Spiritual Leadership – Moving People on to God’s Agenda

Book Review by Dr. Barbara Louw

Authors: Henry Blackaby, Richard Blackaby

First Edition: 2001

Revised & Expanded Edition: Nashville, B&H Publishing Group, 2011.

Henry Blackaby is the founder and president emeritus of Blackaby Ministries International, an organization built to help people experience God. He is also the author of the book Experiencing God.

Richard Blackaby is the president of Blackaby Ministries International and eldest son of Henry Blackaby. He is a well-respected author of dozens of books on spiritual leadership.

Spiritual Leadership is one of Henry and Richard Blackaby's most highly regarded and best- selling books to date. In this book they are encouraging leaders in business and church to follow God's design for success.

This book is listed as one of the most influential writings on the topic of how God develops, guides, and empowers spiritual leaders. The leadership principles are applicable in workplaces, churches and seminary classrooms.

The authors explain that this book was not written in a few months, but over a lifetime. They concede their journey with outstanding people who shared their extraordinary experiences and insights with them through conversations in conference centres, churches, and airplanes around the world.

Throughout the book they emphasise that leadership is about people who choose to make a difference. They studied the Scriptures, as well as the lives of effective leaders, both contemporary and historical, to identify clear biblical principles that lead to effective leadership. The guiding principles they propose are for all Christians whom God has called to be spiritual leaders.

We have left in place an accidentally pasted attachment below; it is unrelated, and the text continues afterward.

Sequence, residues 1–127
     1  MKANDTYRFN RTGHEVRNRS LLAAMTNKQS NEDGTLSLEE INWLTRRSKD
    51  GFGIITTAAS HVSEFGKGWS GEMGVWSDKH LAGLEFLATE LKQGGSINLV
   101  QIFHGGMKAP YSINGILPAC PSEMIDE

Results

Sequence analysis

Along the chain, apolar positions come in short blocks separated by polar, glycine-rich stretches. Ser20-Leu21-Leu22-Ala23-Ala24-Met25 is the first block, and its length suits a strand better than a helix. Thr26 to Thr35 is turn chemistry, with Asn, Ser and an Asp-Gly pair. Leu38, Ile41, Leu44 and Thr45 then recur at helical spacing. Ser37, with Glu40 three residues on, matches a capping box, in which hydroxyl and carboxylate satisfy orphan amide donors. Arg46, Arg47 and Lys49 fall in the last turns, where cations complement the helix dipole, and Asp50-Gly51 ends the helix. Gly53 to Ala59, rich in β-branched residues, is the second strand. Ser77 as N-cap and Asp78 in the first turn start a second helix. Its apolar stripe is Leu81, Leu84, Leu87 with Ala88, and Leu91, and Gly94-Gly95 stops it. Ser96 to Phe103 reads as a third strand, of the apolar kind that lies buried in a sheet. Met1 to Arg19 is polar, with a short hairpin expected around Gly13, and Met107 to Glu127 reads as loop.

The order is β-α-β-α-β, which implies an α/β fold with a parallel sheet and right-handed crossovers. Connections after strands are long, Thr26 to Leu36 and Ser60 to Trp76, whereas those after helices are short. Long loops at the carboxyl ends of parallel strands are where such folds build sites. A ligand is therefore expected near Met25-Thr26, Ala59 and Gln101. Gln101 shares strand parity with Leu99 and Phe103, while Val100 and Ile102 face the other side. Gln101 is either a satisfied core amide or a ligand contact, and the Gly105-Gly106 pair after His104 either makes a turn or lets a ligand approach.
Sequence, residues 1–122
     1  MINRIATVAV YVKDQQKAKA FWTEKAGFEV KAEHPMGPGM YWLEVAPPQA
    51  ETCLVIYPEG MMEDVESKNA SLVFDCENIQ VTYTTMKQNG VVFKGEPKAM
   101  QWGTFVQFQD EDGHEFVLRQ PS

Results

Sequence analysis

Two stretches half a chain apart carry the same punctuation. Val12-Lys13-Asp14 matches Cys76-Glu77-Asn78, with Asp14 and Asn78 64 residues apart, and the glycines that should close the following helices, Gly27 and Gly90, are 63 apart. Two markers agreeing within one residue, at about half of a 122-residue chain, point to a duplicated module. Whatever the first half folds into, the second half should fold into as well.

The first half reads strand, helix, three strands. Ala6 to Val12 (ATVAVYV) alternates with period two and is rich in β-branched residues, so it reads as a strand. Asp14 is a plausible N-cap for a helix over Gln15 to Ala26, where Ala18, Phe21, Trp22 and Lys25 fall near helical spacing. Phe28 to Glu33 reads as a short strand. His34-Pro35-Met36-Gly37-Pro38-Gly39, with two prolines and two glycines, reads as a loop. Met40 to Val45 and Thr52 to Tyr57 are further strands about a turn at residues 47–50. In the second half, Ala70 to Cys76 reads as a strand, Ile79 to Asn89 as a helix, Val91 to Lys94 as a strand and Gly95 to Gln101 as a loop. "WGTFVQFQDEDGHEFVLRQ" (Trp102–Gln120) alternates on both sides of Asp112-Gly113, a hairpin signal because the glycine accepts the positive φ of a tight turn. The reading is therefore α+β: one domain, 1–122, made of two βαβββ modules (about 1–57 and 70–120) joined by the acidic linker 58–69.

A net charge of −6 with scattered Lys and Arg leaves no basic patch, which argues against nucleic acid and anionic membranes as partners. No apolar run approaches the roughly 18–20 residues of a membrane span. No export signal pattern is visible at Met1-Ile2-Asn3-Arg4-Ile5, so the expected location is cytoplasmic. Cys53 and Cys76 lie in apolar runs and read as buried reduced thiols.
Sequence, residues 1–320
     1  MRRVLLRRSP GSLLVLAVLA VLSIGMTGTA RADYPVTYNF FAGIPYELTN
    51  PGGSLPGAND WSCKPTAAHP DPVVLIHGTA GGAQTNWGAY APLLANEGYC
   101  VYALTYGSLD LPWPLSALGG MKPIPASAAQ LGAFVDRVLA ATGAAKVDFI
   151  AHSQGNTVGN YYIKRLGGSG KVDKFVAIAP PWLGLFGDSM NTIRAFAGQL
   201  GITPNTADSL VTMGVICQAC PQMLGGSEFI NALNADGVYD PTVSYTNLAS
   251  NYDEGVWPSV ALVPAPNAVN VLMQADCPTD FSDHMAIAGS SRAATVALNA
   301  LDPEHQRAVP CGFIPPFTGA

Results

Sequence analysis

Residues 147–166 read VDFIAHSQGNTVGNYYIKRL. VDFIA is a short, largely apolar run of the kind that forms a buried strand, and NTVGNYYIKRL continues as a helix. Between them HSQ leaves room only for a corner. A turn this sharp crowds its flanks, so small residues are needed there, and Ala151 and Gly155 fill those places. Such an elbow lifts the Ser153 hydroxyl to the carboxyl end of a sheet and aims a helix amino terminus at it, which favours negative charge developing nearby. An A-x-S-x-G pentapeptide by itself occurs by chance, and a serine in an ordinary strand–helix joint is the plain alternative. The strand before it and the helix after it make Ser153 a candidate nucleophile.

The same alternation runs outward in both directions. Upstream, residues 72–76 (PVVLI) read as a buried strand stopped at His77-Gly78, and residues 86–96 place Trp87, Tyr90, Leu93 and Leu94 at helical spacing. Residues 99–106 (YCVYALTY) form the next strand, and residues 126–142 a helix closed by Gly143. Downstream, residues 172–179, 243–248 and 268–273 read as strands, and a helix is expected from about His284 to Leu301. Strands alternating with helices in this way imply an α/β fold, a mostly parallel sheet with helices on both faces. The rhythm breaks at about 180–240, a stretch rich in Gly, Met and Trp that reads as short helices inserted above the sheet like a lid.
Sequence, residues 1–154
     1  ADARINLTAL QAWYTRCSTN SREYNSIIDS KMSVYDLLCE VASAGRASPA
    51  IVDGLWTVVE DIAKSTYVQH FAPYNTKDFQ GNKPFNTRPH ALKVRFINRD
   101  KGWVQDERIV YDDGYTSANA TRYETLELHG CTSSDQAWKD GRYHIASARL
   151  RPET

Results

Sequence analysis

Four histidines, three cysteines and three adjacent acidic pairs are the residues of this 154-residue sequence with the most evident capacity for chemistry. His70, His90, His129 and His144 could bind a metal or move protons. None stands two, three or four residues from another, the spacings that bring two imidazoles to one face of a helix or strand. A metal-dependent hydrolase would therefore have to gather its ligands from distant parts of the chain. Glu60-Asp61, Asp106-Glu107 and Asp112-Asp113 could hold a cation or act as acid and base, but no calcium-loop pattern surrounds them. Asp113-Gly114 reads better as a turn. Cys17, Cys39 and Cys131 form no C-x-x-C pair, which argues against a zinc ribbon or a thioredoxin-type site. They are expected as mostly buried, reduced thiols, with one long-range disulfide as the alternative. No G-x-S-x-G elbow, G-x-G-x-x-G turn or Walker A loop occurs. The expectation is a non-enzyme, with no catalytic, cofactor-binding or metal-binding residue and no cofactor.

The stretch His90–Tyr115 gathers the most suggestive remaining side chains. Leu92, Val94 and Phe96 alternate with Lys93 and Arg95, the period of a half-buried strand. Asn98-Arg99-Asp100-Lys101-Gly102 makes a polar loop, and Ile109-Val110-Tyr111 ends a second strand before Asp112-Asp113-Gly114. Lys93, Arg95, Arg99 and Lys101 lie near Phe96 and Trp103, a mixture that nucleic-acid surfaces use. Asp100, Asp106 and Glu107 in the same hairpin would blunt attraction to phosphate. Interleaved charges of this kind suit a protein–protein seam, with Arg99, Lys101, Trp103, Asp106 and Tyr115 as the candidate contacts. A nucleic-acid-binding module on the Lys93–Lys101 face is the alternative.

The chapters in the book are compiled to address the leader’s challenge; role and preparation. I consider chapter 4 to be very important because they deal with the leader’s vision in terms of where do leaders get their vision and how do they communicate their vision. Other chapter topics include the leader’s goals; character; influence and decision making. They also address leadership and change, as well as the leader’s pitfalls and rewards.

Every chapter concludes with as section that allows response to the material. This allows readers to become participants by answering thought provoking questions such as “Do you have a reputation for serving those you lead, or are you known for demanding service from others? What is one thing you could begin doing to serve your people that would clearly demonstrate your concern for them?”

I recommend this book for all pastors and counsellors who have the longing to be a genuine spiritual leader in the Kingdom of God.

“Spiritual leadership is not an occupation: it is a calling” (2011:xiv).